As with any biased view, there are kernels of truth around which the larger misconceptions are formed, which provide superficial credence to the “popular view.” Hockey is a weather related sport, and if ice skating and hockey are not readily available recreational pursuits, it is difficult to generate the level of interest necessary to advance the game. Sure, a huge urban area like Los Angeles can overcome that shortcoming through sheer numbers, but even there, the Anaheim Ducks do not sell out with the regularity that their performance would justify. Growing up in the San Francisco area, I recall only a single ice rink within reasonable driving distance of my house, and the Oakland/California Seals were a noble, but failed experiment. When the Sharks came to town, they were truly an awful hockey club. Persistence, financial backing and success on the ice turned it around, and HP Pavilion provided the necessary facility –both in quality and location — to enable the franchise to turn the corner. Still, it is undeniable that the Sun Belt cities have a more difficult time growing the game, simply because it is not part of the collective experience in those climates.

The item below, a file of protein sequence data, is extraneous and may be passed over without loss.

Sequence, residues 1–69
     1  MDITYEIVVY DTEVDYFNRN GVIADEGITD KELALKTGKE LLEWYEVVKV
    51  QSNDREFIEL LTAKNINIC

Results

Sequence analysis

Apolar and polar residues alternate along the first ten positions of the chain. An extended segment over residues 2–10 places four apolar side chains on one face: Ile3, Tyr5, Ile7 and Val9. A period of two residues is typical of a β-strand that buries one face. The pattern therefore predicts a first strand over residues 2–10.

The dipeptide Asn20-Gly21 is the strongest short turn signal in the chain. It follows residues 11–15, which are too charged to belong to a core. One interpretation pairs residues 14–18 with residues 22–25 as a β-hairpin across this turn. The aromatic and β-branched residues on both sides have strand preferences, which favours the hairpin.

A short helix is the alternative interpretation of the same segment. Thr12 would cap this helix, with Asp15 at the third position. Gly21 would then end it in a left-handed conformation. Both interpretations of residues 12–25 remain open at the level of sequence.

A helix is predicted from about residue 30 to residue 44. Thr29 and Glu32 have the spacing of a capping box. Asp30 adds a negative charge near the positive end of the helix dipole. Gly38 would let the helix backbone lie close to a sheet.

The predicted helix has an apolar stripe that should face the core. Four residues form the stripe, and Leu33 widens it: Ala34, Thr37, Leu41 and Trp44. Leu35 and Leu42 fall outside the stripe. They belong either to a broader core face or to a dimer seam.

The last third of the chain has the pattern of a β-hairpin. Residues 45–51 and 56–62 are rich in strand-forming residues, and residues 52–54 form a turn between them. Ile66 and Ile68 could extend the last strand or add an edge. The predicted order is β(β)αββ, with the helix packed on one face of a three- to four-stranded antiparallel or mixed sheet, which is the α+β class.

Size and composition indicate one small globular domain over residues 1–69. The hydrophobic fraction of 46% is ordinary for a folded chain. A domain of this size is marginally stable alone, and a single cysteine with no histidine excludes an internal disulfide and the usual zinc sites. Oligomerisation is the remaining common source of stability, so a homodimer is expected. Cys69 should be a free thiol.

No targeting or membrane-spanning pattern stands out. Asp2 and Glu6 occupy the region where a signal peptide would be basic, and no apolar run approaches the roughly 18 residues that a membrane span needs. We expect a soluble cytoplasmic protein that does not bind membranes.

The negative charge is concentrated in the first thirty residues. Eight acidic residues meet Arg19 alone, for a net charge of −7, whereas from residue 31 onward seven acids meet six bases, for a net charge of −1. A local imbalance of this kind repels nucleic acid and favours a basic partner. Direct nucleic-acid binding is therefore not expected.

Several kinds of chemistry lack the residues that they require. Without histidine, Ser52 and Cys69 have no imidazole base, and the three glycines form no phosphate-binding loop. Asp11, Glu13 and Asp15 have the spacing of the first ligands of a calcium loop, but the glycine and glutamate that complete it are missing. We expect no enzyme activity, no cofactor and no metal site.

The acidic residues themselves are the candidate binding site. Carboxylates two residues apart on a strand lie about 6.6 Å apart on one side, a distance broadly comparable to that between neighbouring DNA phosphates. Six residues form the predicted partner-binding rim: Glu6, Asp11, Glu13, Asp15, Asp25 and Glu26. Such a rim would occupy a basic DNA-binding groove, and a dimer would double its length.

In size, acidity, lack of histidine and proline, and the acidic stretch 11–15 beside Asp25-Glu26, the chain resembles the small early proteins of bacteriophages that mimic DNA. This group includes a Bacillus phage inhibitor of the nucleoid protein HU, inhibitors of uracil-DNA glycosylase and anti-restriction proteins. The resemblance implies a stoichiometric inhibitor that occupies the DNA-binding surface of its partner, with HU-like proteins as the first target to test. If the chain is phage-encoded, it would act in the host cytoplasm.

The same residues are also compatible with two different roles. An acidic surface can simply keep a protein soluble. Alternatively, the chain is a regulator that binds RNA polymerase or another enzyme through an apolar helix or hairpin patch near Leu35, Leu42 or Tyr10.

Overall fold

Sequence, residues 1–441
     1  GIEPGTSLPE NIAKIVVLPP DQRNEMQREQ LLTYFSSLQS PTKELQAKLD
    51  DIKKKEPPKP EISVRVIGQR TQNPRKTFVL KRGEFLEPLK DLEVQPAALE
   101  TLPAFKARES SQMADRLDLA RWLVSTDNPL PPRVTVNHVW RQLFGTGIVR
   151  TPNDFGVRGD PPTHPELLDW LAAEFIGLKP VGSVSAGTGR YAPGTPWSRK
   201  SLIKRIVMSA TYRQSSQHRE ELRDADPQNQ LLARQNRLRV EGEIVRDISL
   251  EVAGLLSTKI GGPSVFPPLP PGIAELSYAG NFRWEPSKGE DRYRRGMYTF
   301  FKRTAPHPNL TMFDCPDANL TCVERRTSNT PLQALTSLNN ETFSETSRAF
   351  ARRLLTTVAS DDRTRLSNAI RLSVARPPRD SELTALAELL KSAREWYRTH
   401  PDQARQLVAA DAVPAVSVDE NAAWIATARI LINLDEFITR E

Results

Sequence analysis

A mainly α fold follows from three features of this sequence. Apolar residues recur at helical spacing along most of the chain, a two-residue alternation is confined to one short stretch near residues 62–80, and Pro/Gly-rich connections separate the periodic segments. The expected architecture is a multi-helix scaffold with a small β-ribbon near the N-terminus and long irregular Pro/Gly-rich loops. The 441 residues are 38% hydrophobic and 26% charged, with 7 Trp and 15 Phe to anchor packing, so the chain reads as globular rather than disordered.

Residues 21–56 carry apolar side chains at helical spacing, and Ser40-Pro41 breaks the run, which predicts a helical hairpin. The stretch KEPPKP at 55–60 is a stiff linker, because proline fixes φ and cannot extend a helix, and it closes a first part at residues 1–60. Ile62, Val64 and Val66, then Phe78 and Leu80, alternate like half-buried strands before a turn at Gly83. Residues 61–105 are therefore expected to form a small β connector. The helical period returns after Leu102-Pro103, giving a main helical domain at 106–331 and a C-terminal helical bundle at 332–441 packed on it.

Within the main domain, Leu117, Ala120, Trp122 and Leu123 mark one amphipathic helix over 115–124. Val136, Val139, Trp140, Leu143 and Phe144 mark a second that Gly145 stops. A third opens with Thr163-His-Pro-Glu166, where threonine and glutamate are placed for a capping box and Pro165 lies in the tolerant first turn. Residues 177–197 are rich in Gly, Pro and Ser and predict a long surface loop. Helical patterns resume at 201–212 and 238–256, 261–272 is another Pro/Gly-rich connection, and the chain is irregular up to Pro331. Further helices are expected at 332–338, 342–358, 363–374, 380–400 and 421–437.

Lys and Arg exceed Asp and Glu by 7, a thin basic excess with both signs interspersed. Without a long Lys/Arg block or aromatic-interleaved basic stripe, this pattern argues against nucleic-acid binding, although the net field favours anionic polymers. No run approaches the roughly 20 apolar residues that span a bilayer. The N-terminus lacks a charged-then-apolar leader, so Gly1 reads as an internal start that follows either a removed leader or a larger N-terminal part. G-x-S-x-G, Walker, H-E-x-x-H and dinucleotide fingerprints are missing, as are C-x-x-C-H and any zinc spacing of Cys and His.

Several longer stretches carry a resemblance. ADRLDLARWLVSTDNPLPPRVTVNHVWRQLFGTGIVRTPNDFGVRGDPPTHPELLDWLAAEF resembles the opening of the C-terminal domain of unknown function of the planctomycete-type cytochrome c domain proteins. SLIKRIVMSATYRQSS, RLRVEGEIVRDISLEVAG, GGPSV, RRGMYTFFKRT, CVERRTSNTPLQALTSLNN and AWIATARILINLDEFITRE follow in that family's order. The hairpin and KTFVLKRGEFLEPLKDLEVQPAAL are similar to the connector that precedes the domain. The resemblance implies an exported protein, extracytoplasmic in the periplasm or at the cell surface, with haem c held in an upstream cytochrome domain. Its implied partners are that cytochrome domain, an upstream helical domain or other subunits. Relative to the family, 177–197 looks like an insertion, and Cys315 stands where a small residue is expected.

Columbus, however, gets unfairly lumped into the Southern Expansion cities when talk turns to “Hockey Markets”. Certainly, part of the criticism derives simply from the relative lack of success on the ice and the financial ills resulting from the combination of a bad arena deal, a lack of wins, two lockouts in the club’s first 11 years of existence, and a massive economic slump that sucked the discretionary cash from many households. The other part of the disdain comes largely from factors that are a) irrelevant and b) born of lack of knowledge, rather than assessment of facts. First, the Blue Jackets were part of the final spurt of expansion, which brought the NHL to it’s current complement of 30 teams, and included both Atlanta and Nashville. Atlanta, of course, failed, and Nashville, despite some on the ice success, has had more than its share of financial difficulties. So, there is a “guilt by association” element to the critiques, simply due to the fact that Columbus is an expansion franchise, and entered with some of the Sun Belt clubs.